Lessons In Brutality
Yesterday, two men engaged a jihadist attack against a French satire magazine called Charlie Hebdo. They brutally killed 12 people there because, it’s assumed, the magazine had ridiculed Islam along with most other world religions.
Today, as expected, we’re hearing religious leaders from all faiths, including Islam, condemning the attack. That’s good and important. The magazine, a sort-of Parisian mash-up of MAD and The Onion, has made its living ridiculing religion. Charlie Hebdo is no friend to people of faith, and on any other day there would be plenty of reason for faith leaders to count its cartoonists enemies. But today is not any other day because yesterday a worse villain showed up. This is something like a sibling rivalry that turns to solidarity when someone outside the family picks a fight. There is an understanding among all peace-loving people — religious and secular alike — that our differences of opinion should be expressed with keyboard and cartoon, not pistol and rifle. Count me among the many who are happy to stand up for my mockers in the face of heinous attacks.
This is the first lesson we can learn from yesterday’s crimes: if the stakes are high enough, our differences melt away. And the logic of that lesson — though it may be hard to accept today — may extend to the perpetrators themselves. If my deepest-held disagreements with secularists can be overcome by pity and compassion today, then could my deepest-held disdain for the killers be overcome tomorrow? In the simple and profound words of the rock band U2, “There is no them. There is only us.” If that is true, then the killers are part of us too. That is not to say that peace-loving people condone their actions. Those two men are misguided people who have done something terribly wrong, but they are a part of our broken human family. If we aren’t ready to acknowledge that — if we’re clinging to the us-versus-them mentality that says those men are somehow less human than their peaceful neighbors — then we haven’t understood the nature of compassion at all.
The second lesson to learn from yesterday’s attack is just as hard to swallow: those brutal killings were an expression of religious liberty.
The attackers were motivated by religion. They made that clear. There is no debate on that point. The killers left the Charlie Hebdo offices shouting “Allah akbar” and “We have avenged Muhammed.” The religion those men practice told them to kill. They were exercising religious freedom. Again, that is not to say that Islam, in all its forms, promotes such violence, but certainly the strain of Islam these men observe does. Neither is this unique to Islam. Peace-loving Christians face the same problem in their own ranks. When an ultra-fundamentalist Christian blows up an abortion clinic, it can’t be said that he wasn’t motivated by religion, even if most forms of his religion condemn his actions.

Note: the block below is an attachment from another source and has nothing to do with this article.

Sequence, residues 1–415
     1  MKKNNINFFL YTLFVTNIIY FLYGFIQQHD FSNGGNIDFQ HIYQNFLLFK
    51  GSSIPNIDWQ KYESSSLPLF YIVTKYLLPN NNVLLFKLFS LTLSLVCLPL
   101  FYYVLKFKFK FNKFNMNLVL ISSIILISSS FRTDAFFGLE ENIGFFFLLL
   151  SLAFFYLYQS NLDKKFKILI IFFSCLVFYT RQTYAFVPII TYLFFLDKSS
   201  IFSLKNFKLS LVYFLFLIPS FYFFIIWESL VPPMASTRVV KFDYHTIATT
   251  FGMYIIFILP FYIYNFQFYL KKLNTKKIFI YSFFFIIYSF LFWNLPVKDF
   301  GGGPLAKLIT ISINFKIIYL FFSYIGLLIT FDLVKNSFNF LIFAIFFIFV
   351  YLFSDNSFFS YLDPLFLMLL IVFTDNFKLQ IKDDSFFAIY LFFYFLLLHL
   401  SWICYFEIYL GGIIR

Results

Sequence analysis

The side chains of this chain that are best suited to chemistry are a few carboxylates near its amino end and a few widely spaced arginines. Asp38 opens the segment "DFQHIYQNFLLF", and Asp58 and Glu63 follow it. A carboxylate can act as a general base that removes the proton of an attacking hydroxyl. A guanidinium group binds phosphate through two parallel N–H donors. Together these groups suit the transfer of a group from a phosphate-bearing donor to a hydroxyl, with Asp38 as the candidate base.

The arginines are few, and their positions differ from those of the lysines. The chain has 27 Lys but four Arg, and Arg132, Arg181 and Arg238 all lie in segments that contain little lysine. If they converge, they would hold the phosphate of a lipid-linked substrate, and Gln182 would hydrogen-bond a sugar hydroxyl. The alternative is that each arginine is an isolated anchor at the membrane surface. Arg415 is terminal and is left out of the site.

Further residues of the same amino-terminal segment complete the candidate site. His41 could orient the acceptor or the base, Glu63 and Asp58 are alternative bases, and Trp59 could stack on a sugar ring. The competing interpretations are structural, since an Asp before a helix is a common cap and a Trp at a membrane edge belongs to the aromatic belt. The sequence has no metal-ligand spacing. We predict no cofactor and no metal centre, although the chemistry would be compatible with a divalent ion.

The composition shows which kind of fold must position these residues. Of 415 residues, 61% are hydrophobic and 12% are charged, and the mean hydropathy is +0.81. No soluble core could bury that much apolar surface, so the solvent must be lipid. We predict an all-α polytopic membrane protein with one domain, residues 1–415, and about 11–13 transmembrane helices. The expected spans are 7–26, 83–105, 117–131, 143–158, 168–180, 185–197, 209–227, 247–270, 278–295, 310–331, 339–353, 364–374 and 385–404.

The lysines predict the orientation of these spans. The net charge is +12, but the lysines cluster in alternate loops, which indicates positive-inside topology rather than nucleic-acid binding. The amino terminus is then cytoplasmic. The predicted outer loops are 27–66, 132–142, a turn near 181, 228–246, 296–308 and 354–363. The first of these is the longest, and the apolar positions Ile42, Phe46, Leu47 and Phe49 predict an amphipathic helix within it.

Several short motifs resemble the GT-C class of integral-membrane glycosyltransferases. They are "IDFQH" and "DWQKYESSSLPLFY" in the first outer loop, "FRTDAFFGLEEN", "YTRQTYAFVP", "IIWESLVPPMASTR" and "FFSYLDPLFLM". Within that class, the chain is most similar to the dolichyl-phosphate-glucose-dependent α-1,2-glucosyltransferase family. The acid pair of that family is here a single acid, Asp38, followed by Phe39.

So the lesson is that religious liberty is an unreliable value. Taken to its untempered end, religious freedom is little more than anarchy. If my religion tells me to kill infidels or take many wives or oppress those unlike me, then my religious freedom becomes someone else’s suffering.
This is where most of the world draws a common-sense line. No one, we all agree, should be allowed to practice their religion at the expense of someone else’s life. But we have to admit that such a line is, itself, a statement of belief. To assign human life a value greater than religious liberty is to espouse a moral ethic. Thus religious pluralism is a moral judgment. Tolerance is religion.
What we really want is not religious freedom at all. What we want is more freedom for those religions whose peace-loving ethics we approve. We want to suppress belief systems that are violent because we think them inferior to our own belief system, be it peaceful Islam or tolerant humanism.
It’s ironic that an event that brings this truth into such stark relief should happen in one of the world’s most staunchly secular countries. France has tried doggedly to remove religion from its public sphere, but its efforts have only made secularism a new kind of public faith with its attendant culture war against those who disbelieve.
As technological advances make the world more connected, and world religions become more fractured, we can only expect more such conflicts between opposing belief systems. The task for our little earthling family is not to suppress belief, but to acknowledge that we value some beliefs above others. To be clear that some beliefs are wrong and some actions are immoral. To abandon the senseless idea of relative truth and situational ethics and acknowledge that any societal order beyond anarchy must find its source in a truth more enduring than us.
The two lessons of the Charlie Hebdo slayings are these: 1) there is only us and 2) some of us are wrong. It’s the balance of those two truths that the killers fail to understand. And it’s only the balance of those two truths that can create a just and tolerant peace.